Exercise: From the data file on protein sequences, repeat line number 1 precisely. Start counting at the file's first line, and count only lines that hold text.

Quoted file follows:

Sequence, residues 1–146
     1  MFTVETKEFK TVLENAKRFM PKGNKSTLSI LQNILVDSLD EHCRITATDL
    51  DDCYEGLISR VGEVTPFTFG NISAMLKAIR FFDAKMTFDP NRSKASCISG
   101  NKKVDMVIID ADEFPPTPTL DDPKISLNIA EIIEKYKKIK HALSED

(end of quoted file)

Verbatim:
Sequence, residues 1–146